Writing music reviews while avoiding reductive clichés can be trickier than it seems. It’s all too easy to use the same old synonyms for idiosyncrasy, extolling the uniquely individual timbre and feel of an artist’s singing voice. To be honest, it’s almost annoying when someone like Indigo De Souza makes these corny hackings unavoidable.
De Souza’s delivery is instantly recognisable but never jarring. She manages to hit notes seamlessly while sharply, emotively yelping in a manner that leaves the listener never doubting her earnestness. She doesn’t leave any doubt as to which part of her garment her heart resides on. Across her first two albums (especially Any Shape You Take), the North Carolina artist managed to expertly dip her toes into a breadth of genres without milking any of them.
Her new record, All of This Will End, exudes a sense of growth, mortality, and rejuvenation without abandoning her sense of playful realism.
Opening track ‘Time Back’ is a compositionally bold way to kick things off. A soaring space pop anthem riding on flotillas of dirty synths takes an unexpected descent into a nightmarish nursery rhyme of resentment. It’s impossible to tell whether this was more than one idea melded together to make a new song or a predetermined song structure broken down to the extreme.
The third single to be released from the album, ‘You Can Be Mean’ has as its backbone the kind of single coil pickup, lightly overdriven rhythm guitar tone that, quite frankly, puts the mutton in my pie. Some of the gorgeously barbed turns of phrase aimed towards a former lover are enough to make you wince.
The chorus of ‘Losing’ lends itself to being sung along to while waving your hands in the air quite slowly. The themes of moving forward after a break-up or even just a closing chapter of life continue. The verses in ‘Wasting Your Time’ are based around the sort of two-note riff that the likes of Tad and Gruntruck (google them, kids) massaged into entire grungey careers. It means that the relatively calm choruses stick out as all the more melodic.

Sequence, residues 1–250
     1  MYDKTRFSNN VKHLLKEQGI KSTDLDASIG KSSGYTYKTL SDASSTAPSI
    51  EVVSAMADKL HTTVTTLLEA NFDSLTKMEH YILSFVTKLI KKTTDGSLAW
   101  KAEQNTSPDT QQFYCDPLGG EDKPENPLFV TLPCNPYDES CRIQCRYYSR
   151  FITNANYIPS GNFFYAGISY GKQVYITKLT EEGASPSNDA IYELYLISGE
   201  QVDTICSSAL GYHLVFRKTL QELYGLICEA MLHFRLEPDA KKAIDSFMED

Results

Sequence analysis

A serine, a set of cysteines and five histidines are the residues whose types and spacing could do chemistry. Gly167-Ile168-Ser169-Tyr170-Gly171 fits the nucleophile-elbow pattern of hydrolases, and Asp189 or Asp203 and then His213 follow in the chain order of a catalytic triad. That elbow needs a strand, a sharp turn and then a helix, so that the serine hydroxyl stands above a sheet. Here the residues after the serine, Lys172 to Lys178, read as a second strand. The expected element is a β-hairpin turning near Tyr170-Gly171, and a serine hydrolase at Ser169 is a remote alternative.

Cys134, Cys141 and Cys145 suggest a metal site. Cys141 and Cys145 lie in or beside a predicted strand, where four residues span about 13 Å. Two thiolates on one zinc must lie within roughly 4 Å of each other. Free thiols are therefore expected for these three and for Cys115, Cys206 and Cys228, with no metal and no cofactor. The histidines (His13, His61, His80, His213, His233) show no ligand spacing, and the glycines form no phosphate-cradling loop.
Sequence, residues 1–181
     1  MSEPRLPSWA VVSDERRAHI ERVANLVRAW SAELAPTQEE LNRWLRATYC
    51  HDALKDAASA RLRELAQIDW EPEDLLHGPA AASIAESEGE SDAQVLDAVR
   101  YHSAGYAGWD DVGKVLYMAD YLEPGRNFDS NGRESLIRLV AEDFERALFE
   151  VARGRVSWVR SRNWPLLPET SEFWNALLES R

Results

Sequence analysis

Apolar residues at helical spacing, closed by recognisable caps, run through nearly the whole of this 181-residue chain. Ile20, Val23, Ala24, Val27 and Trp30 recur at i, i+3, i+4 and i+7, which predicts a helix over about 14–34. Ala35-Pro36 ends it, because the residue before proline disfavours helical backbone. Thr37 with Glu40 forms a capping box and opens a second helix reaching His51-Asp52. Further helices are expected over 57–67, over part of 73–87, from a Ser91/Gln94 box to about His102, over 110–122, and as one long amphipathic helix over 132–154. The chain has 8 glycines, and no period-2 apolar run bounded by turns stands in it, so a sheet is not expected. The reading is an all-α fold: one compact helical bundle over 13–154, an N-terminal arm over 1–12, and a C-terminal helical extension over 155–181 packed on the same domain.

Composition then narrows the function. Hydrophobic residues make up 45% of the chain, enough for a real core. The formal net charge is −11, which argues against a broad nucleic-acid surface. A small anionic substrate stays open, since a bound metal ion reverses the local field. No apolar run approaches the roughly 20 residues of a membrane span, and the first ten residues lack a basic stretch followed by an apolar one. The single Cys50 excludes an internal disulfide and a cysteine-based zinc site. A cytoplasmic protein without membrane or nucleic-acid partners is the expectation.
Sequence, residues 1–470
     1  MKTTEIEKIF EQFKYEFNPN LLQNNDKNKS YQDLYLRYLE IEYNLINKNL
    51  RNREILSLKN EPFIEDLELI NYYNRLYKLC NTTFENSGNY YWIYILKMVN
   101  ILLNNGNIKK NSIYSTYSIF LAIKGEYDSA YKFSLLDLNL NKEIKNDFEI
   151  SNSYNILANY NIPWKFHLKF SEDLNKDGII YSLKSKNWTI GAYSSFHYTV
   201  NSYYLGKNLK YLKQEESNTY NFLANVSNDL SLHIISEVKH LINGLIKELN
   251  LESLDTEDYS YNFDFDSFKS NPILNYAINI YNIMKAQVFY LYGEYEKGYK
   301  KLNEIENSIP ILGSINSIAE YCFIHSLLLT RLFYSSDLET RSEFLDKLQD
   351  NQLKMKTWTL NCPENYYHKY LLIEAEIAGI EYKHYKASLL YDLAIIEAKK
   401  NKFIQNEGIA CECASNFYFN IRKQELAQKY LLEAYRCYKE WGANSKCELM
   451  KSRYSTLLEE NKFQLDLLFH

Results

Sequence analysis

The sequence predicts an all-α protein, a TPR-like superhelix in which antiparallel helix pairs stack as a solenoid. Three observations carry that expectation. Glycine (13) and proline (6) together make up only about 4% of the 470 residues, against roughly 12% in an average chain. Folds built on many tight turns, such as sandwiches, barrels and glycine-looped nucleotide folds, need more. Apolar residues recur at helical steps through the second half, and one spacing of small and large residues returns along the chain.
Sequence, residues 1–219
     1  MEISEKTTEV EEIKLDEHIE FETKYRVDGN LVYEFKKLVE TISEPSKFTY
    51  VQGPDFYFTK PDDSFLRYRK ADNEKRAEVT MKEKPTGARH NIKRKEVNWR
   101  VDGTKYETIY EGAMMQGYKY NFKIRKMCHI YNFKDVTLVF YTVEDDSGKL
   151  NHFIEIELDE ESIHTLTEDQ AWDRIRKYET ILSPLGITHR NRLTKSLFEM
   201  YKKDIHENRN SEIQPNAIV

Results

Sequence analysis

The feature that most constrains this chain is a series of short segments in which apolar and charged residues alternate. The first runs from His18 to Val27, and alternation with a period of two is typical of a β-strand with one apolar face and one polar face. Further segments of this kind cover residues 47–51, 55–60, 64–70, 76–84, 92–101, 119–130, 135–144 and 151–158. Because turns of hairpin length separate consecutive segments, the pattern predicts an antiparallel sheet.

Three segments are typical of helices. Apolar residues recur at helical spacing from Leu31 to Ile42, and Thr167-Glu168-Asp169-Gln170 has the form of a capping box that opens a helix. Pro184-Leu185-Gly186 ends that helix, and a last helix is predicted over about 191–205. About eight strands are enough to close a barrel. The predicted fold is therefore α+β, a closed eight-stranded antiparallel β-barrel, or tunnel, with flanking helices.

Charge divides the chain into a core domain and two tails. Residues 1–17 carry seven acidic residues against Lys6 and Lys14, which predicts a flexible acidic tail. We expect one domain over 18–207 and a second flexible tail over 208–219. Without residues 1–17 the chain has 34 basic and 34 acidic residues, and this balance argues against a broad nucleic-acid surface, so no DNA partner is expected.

‘Parking Lot’ might be my favourite song on the entire record. The playful imagery thrown around, of mundane outdoor suburban items like shopping carts, makes the vocal bury further into the listener’s consciousness. The driving drums build with each new verse, propelling forward a sort of nonnarrative about contemplating stuff. Title track ‘All of This Will End’ boasts a densesounding hook throughout the chorus and a comparatively comforting, plodding tempo. The title has been acting as a motto for De Souza in recent times, but the lyrics feel as if they were begat rather than written, such is the pure flow of emotion to paper to magnetic tape.
As a counterpoint, ‘Smog’ is a danceable slab of musical joy hiding some deceptively self-effacing lyrics. When you see them written down – ‘I don’t think I’m gonna make it / I don’t think anything / I just sit down and shut up / And hope they don’t notice me’ – it all sounds a bit defeatist, but those lines are delivered with such assurance and vigour that they fit the uplifting track. Thematically, ‘The Water’ marks a turning point away from the previous ideas of moving on, building from a childhood memory of visiting a friend and centred around reminiscence rather than looking forward. There’s a class, welcome brass riff.
‘Always’ dynamically shifts between quiet and then noisy, strained sections. Lyrically, she’s examining her relationship with her father, and the chaotic fuzz guitars cutting in and out over the quieter sections does not suggest that the core of their relationship was going ice skating and buying churros together. ‘I thought you’d be here’, De Souza screams at his memory. ‘Not My Body’ has an enjoyable cocktail of sonic elements diving around the mix. At one point, what sounds like a theremin blends with vocals and then back again. Layers of subtle samples, slide guitars, and gentle piano build a dense cushion of a soundscape.
Lead single ‘Younger & Dumber’ is a proper bedroom songwriter’s song. An ode to a younger self that grows organically from a nostalgic whisper to a cathartic roar. Of her latest record, De Souza says, ‘All of This Will End feels more true to me than anything ever has; my music feels like it’s coming from a centred place of reflection’ and it’s hard to disagree with her. Indeed, it’s difficult to feel anything other than a deep empathetic pull to this album.
To someone, somewhere, this record will happen to them at exactly the right point in life when they’re moving from one of early adulthood’s regular traumas onto brighter, regenerated pastures. Every inflection and word recorded here will follow them for the rest of their lives. And that voice? Yeah, it’s unique. It’s idiosyncratic. It’s glorious, and all the cheap, boring, overused lexicons won’t detract from that.